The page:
Region: Maryland Garden Photography Cottage Gardener Garden Ideas: Master Level Celebrating Gardening: 2015 The WITWIT Badge
Image
Catmint20906
Aug 28, 2014 6:07 AM CST

Moderator

Moving the hose is one of my least favorite jobs! Right now I have a super long hose that I use in the backyard. I rarely use it in the front yard because it's a pain to move it there. I know, I know--just buy another hose! Hilarious!
"One of the pleasures of being a gardener comes from the enjoyment you get looking at other people's yards”
― Thalassa Cruso
Name: Annie
Waynesboro, PA (Zone 6a)
Cat Lover Keeper of Poultry
Image
LysmachiaMoon
Aug 28, 2014 9:44 AM CST
This idea works best in those cases where you have a hose that just sort of "lays there" all summer, one you don't need to disconnect and move around. In my case, it's the long one that runs from the house to the veg garden. At the veg garden fence, I attach a shorter hose with a nozzle, or sprinklers, or a divider and other hoses, etc. Think of the underground hose as a sort of "water pipe" that you will be attaching other hoses to. I have a second one that runs from the outside faucet to the lower part of my property. I usually keep a 4-way splitter on the faucet during the summer so I can run 4 "water lines" at once.
The end is nothing, the journey is all.
[Last edited by LysmachiaMoon - Aug 28, 2014 9:58 AM (+)]
Give a thumbs up | Quote | Post #689002 (6)
Name: Teri
Mount Bethel, PA
Charter ATP Member Region: Pennsylvania Hibiscus Container Gardener Clematis Region: Northeast US
Annuals Echinacea Winter Sowing Seed Starter Lilies I was one of the first 300 contributors to the plant database!
Image
Roses_R_Red
Aug 28, 2014 10:08 AM CST
I neglected to envision splitters at the end of the buried hose!!! Picture is getting more vivid.
Name: Annie
Waynesboro, PA (Zone 6a)
Cat Lover Keeper of Poultry
Image
LysmachiaMoon
Aug 29, 2014 4:31 PM CST
It's my fault for not being more clear. I should have said that the underground hose acts as a sort of "water pipe" or "conduit" so you can attach another hose or sprinklers or whatever you like at either end. The one running to my garden only comes out of the ground about 3-4 feet. I always attach another hose to it, and just go from there. It's one of those things where, once you do it, you'll wonder why you did not do it before. nodding Smiling
The end is nothing, the journey is all.
Name: Catmint/Robin
Maryland (Zone 7a)
Region: Mid-Atlantic Butterflies Forum moderator Native Plants and Wildflowers Bee Lover Echinacea
Region: Maryland Garden Photography Cottage Gardener Garden Ideas: Master Level Celebrating Gardening: 2015 The WITWIT Badge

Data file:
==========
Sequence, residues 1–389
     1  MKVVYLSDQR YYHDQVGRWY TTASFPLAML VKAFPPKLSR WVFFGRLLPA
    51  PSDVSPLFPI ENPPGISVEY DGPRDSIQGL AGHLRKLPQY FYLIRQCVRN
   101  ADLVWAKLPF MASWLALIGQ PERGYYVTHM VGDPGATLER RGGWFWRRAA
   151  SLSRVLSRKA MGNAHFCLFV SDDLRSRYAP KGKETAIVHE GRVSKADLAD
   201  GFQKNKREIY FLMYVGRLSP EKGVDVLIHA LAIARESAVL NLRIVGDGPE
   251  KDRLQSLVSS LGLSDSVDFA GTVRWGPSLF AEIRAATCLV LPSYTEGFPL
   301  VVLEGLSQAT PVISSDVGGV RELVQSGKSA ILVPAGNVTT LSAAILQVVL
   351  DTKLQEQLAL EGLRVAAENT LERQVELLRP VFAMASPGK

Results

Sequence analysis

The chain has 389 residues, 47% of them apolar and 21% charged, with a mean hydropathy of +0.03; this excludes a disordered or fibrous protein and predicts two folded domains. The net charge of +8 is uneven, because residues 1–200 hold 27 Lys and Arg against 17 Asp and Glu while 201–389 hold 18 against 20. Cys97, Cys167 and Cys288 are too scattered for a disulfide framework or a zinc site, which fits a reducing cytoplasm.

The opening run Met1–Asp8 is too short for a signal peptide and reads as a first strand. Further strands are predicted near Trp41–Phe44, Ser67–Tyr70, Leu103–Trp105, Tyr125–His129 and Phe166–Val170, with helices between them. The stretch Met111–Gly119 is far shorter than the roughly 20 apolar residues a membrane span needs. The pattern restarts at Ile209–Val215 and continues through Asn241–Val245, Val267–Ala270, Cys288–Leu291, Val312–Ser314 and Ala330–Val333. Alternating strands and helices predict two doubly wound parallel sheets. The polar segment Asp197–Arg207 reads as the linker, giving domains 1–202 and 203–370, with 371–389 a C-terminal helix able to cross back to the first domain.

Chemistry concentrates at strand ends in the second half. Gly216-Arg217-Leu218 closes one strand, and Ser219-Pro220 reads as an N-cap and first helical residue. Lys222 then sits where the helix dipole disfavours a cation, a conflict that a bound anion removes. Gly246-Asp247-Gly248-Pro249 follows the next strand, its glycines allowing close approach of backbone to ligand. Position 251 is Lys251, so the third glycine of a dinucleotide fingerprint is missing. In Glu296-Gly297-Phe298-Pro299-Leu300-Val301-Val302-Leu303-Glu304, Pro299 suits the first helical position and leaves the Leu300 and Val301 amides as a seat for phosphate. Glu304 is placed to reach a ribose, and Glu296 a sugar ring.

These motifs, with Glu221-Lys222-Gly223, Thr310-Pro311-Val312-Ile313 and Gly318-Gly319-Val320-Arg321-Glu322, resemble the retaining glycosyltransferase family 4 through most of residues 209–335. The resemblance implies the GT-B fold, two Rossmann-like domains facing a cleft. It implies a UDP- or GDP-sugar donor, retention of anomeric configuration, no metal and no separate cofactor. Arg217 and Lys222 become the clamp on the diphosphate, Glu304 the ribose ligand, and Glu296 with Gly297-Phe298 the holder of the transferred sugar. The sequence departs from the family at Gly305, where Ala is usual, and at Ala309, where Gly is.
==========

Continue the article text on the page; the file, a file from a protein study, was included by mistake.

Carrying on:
Image
Catmint20906
Aug 29, 2014 4:34 PM CST

Moderator

Annie, no fault at all--that is a great explanation!
"One of the pleasures of being a gardener comes from the enjoyment you get looking at other people's yards”
― Thalassa Cruso
Name: Rick Moses
Derwood, MD (Zone 7b)
Region: Mid-Atlantic Region: Maryland Hostas Ferns
Image
RickM
Jul 16, 2016 10:28 AM CST
I put a 4-way splitter at the house end of the run. Then:
1. 10' "local"
2. 75' Waaaaaaay in the back
3. 75' for the back and one side
4. 50' to a 2-way splitter on the side of the house. One port is for a soaker hose and the other is a 50' for that side and the front.

For #2, I have to cross a brick patio. So, I have a short hose with a quick-connect on the 'business' end that reaches to the other side of the patio. It connects to a quick-connect on the 75' hose that is buried. I used the non-shut-off quick connect so that the hose drains automatically when I disconnect. This has been in place for about 5 years now.

#4 is snaked around the patio and brick work to the bed on the side.

Someday, (when I'm working again), I'll actually bury the above ground under the brick work. But, not this year!
What a man needs in gardening is a cast-iron back, with a hinge in it. Charles Dudley Warner
Name: Susan
Vienna, VA (Zone 7a)
Birds
Image
Muddy1
Jul 16, 2016 8:33 PM CST
Good ideas, Rick! I really have to do something to help irrigate my back yard, because I have lots of water-needy shrubs growing on steep slopes. Every summer I say that, then comes the fall when I actually could install driplines without stepping on perennials, and do I do anything to make my life easier the following season?? Nooooo....

« Garden.org Homepage
« Back to the top
« Forums List
« Mid Atlantic Gardening forum
You must first create a username and login before you can reply to this thread.

Today's site banner is by nativeplantlover and is called "Bumble Veronica Pink"